Cite This Page:

Association for Research in Vision and Ophthalmology. "Are angry women more like men?." ScienceDaily. ScienceDaily, 14 December 2009. <www.sciencedaily.com/releases/2009/12/091206110844.htm>.
Association for Research in Vision and Ophthalmology. (2009, December 14). Are angry women more like men?. ScienceDaily. Retrieved October 25, 2014 from www.sciencedaily.com/releases/2009/12/091206110844.htm
Association for Research in Vision and Ophthalmology. "Are angry women more like men?." ScienceDaily. www.sciencedaily.com/releases/2009/12/091206110844.htm (accessed October 25, 2014).

Share This



More Mind & Brain News

Saturday, October 25, 2014

Featured Research

from universities, journals, and other organizations


Featured Videos

from AP, Reuters, AFP, and other news services

Academic Scandal Shocks UNC

Academic Scandal Shocks UNC

AP (Oct. 23, 2014) A scandal involving bogus classes and inflated grades at the University of North Carolina was bigger than previously reported, a new investigation found. (Oct. 23) Video provided by AP
Powered by NewsLook.com
Working Mother Getaway: Beaches Turks & Caicos

Working Mother Getaway: Beaches Turks & Caicos

Working Mother (Oct. 22, 2014) Feast your eyes on this gorgeous family-friendly resort. Video provided by Working Mother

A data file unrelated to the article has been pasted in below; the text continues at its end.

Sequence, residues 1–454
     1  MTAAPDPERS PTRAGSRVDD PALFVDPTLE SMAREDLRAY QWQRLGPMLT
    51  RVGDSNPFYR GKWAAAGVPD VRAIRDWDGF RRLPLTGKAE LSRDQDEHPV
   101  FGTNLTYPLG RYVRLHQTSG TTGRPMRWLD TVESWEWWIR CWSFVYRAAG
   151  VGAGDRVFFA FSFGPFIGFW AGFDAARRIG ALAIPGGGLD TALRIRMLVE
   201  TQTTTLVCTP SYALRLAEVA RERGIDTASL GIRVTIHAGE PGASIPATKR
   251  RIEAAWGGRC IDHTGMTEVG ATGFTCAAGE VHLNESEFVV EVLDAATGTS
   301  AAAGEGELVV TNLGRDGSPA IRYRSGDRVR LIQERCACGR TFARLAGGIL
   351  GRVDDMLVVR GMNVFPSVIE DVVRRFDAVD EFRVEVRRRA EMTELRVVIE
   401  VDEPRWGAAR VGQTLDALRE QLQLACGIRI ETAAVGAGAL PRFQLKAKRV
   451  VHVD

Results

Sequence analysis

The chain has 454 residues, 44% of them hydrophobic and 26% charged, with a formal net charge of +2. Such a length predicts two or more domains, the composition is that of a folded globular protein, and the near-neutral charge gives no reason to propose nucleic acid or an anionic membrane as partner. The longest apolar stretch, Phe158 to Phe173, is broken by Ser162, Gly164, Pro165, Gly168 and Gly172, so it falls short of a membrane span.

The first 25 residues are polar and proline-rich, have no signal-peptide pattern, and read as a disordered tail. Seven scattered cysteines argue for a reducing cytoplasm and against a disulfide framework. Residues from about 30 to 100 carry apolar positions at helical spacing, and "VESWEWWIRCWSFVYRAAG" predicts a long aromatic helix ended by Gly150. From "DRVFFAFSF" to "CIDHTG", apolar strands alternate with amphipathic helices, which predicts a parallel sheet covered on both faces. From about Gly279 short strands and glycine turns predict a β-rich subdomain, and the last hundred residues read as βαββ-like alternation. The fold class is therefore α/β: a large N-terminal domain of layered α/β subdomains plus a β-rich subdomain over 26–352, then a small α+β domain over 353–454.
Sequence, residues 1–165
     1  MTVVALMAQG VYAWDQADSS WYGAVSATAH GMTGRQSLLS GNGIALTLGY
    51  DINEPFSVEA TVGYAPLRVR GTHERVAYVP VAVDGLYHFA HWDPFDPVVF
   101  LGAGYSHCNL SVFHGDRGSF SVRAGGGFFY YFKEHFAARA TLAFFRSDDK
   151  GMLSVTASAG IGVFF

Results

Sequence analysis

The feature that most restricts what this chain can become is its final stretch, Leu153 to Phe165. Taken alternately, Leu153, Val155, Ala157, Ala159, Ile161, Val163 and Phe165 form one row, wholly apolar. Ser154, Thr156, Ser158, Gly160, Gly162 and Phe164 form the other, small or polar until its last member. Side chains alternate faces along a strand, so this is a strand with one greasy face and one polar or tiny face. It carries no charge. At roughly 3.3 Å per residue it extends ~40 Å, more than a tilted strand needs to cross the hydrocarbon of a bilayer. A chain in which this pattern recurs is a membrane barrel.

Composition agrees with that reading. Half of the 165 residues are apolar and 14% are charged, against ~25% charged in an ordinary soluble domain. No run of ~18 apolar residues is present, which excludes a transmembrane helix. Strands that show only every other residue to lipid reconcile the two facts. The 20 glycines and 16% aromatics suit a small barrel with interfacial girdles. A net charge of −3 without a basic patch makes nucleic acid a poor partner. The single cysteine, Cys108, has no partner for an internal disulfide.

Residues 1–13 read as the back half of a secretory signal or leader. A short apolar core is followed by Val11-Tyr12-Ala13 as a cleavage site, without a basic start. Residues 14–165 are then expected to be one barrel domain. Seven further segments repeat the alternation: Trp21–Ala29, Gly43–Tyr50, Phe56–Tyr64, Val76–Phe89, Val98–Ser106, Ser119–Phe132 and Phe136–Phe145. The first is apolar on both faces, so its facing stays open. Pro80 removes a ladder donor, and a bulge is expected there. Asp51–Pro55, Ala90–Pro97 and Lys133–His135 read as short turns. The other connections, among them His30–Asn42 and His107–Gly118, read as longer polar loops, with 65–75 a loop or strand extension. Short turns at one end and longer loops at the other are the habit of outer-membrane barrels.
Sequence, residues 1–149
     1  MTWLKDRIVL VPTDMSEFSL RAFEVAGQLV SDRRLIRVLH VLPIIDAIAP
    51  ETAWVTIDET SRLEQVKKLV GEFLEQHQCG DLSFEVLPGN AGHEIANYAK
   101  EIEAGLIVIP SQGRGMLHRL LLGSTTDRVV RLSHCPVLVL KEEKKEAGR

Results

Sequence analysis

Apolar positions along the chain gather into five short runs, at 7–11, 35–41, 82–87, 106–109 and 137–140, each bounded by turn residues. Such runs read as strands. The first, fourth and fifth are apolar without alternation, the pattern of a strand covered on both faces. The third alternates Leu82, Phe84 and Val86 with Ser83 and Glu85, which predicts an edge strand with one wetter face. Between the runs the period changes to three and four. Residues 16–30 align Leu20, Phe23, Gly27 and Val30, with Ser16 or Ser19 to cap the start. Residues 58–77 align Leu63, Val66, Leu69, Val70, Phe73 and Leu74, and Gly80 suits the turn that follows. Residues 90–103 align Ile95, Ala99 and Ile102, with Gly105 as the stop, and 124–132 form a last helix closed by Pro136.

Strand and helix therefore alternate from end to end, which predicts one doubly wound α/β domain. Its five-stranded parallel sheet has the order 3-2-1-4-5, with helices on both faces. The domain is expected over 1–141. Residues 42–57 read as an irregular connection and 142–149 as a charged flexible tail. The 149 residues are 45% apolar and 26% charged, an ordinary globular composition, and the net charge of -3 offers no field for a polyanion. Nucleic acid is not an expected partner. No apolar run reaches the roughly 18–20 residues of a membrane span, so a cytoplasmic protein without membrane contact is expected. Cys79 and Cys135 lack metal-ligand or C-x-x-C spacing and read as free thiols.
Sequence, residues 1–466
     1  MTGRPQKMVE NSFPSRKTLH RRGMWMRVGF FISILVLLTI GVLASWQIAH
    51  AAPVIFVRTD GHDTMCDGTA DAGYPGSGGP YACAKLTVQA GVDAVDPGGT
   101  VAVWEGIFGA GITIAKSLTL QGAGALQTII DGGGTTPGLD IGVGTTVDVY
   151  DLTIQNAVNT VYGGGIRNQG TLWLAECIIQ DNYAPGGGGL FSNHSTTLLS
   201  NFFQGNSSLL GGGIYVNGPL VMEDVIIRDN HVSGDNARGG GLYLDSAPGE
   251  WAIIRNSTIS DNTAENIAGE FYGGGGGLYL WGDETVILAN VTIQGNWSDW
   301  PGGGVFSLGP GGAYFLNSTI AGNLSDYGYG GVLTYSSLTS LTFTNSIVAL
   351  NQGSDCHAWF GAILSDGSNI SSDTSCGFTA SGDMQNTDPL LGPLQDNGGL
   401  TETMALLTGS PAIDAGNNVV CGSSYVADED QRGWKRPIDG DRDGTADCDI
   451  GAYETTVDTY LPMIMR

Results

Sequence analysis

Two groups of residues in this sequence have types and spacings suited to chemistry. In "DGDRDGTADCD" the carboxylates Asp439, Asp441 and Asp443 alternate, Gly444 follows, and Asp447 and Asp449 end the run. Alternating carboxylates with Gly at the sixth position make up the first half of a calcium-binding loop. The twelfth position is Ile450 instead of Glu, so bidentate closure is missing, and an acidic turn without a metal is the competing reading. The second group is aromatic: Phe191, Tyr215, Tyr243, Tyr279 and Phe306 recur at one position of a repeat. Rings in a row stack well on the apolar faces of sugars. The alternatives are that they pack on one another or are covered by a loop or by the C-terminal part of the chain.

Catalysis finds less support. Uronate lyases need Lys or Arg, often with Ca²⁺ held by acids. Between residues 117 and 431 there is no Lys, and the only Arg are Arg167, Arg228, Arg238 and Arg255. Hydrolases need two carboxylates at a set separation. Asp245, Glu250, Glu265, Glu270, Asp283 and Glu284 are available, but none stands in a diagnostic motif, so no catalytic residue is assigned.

Powered by NewsLook.com
What Your Favorite Color Says About You

What Your Favorite Color Says About You

Buzz60 (Oct. 22, 2014) We all have one color we love to wear, and believe it or not, your color preference may reveal some of your character traits. In celebration of National Color Day, Krystin Goodwin (@kyrstingoodwin) highlights what your favorite colors may say about you. Video provided by Buzz60
Powered by NewsLook.com
First-Of-Its-Kind Treatment Gives Man Ability To Walk Again

First-Of-Its-Kind Treatment Gives Man Ability To Walk Again

Newsy (Oct. 21, 2014) A medical team has for the first time given a man the ability to walk again after transplanting cells from his brain onto his severed spinal cord. Video provided by Newsy
Powered by NewsLook.com

Search ScienceDaily

Number of stories in archives: 140,361

Find with keyword(s):
Enter a keyword or phrase to search ScienceDaily for related topics and research stories.

Save/Print:
Share:

Breaking News:

Strange & Offbeat Stories


Health & Medicine

Mind & Brain

Living & Well

In Other News

... from NewsDaily.com

Science News

Health News

Environment News

Technology News



Save/Print:
Share:

Free Subscriptions


Get the latest science news with ScienceDaily's free email newsletters, updated daily and weekly. Or view hourly updated newsfeeds in your RSS reader:

Get Social & Mobile


Keep up to date with the latest news from ScienceDaily via social networks and mobile apps:

Have Feedback?


Tell us what you think of ScienceDaily -- we welcome both positive and negative comments. Have any problems using the site? Questions?
Mobile: iPhone Android Web
Follow: Facebook Twitter Google+
Subscribe: RSS Feeds Email Newsletters
Latest Headlines Health & Medicine Mind & Brain Space & Time Matter & Energy Computers & Math Plants & Animals Earth & Climate Fossils & Ruins